The U.S. government will continue its cross-examination of Microsoft Corp.'s sole economic witness tomorrow, after spending most of today pursing its claim that the company illegally tied its Internet browser to its operating system.
Richard Schmalensee, the dean of the Sloan School of Management at MIT, argued that the integration of the browser with the operating system didn't hurt competitors, namely Netscape Communications Corp. Netscape's loss of market share was a "consequence of competition" and the wide availability of Microsoft's rival Web browser Internet Explorer, he said.
The U.S. government, to show that Microsoft acted illegally, must prove that the software company's actions hurt competition, not just competitors.
David Boies, the lead government attorney, pursued that issue by way of analogy today, asking his witness whether consumers would benefit if Microsoft's word processing software MS Word was integrated in the operating system in much the same way as Internet Explorer.
Schmalensee said there could be benefits, but he also acknowledged under questioning that if rival word processing programs, such as Corel Corp.'s WordPerfect, didn't work as well as a result of Word's integration, then there could be consumer harm.
"If in some way I can't do it as well as before, that's a harm," said Schmalensee.
The U.S. government's "tying" claim rests on tenuous ground. To win that point, the government must overcome a Court of Appeals ruling last summer that termed the union of Windows 95 and Internet Explorer "a genuine integration" and said Microsoft isn't prevented from offering the browser as an integrated product.
The government believes consumer choice suffered as a result of this integration. For instance, the government cited earlier testimony from The Boeing Corp., which said it may have to switch from Netscape Navigator, as its standard corporate browser, to Internet Explorer because of IE's tight integration with the operating system. The company doesn't want the expense of supporting two browsers on the desktop.
Boies expects to finish his cross-examination of Schmalensee by midday tomorrow.
Microsoft executive Paul Maritz, group vice president of the platforms and applications group, will follow Schmalensee on the witness stand. Maritz is scheduled to appear in court on Monday.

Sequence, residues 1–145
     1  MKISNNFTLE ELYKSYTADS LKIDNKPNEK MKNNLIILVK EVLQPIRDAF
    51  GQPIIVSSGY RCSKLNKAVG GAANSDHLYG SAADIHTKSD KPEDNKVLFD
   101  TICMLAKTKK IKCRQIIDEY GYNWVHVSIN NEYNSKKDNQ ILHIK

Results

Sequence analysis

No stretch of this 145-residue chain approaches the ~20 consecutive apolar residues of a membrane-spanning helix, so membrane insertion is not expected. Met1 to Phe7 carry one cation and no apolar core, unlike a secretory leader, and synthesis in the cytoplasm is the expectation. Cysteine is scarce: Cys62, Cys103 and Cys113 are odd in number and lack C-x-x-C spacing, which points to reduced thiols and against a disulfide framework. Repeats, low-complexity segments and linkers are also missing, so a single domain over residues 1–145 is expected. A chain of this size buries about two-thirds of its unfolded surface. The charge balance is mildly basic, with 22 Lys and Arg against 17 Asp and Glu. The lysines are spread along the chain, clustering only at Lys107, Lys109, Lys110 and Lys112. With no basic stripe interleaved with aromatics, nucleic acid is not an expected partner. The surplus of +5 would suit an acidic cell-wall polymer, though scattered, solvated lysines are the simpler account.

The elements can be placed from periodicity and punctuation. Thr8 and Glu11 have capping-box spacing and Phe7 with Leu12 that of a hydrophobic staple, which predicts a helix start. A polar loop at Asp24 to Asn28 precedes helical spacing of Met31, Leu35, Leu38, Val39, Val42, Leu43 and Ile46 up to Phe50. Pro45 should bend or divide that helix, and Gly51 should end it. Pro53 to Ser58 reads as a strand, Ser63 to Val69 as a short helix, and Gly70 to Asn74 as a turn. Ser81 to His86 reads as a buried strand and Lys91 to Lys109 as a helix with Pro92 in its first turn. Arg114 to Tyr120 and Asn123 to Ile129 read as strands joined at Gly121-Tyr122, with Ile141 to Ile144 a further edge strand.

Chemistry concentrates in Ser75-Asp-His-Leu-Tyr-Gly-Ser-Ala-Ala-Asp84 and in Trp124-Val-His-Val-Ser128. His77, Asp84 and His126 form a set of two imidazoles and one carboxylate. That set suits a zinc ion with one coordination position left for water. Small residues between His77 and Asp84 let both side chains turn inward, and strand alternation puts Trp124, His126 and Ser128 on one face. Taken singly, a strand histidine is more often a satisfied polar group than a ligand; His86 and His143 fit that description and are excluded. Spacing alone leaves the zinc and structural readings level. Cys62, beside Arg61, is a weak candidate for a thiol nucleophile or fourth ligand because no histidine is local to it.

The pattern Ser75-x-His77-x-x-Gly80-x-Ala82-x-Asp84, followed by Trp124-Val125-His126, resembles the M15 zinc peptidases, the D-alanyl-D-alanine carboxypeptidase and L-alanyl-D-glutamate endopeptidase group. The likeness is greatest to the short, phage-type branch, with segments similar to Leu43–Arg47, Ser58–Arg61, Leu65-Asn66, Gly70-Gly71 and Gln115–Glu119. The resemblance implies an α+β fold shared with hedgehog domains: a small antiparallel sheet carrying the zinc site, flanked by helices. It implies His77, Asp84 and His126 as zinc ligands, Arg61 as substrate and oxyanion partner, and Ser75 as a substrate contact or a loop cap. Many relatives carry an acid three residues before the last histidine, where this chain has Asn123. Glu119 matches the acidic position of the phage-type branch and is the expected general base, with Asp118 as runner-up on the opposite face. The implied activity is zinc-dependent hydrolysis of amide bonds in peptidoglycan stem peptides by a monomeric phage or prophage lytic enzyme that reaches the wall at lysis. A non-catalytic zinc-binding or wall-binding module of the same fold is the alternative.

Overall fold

Maritz -- through his numerous e-mails entered as evidence throughout the trial -- has already been a prominent figure in court. Maritz was one of the key decisions makers at Microsoft, in particular, on issues involving Internet Explorer.
In other testimony today, Boies took Schmalensee through a series of questions that attempted to establish when he became aware of Microsoft's decision to offer its browser for free.
The government has been attempting to show that Microsoft used predatory pricing, along with tying the browser to the operating system, to combat Netscape. Microsoft has argued that its decisions regarding the browser were made before Netscape was a significant company.
At one point, Schmalensee was shown a government interrogatory, a legal request for written responses to certain questions, sent to Microsoft, which asked the company to identify the date it made its decision to offer its browser for free.
In its response, Microsoft said Chairman and Chief Executive Officer Bill Gates announced the company's decision during his Internet Strategy Day speech on Dec. 7, 1995.
Schmalensee, when asked by Boies about the response, said the Microsoft's answer struck him "as non-responsive" because it didn't answer the question of when the decision was made -- only when Microsoft announced it.
But Schmalensee had earlier said that he believed the decision to give Internet Explorer away without charge was made in late 1994 or early 1995, a point Microsoft tried to back up after court by releasing additional interrogatory answers which corresponded to that view.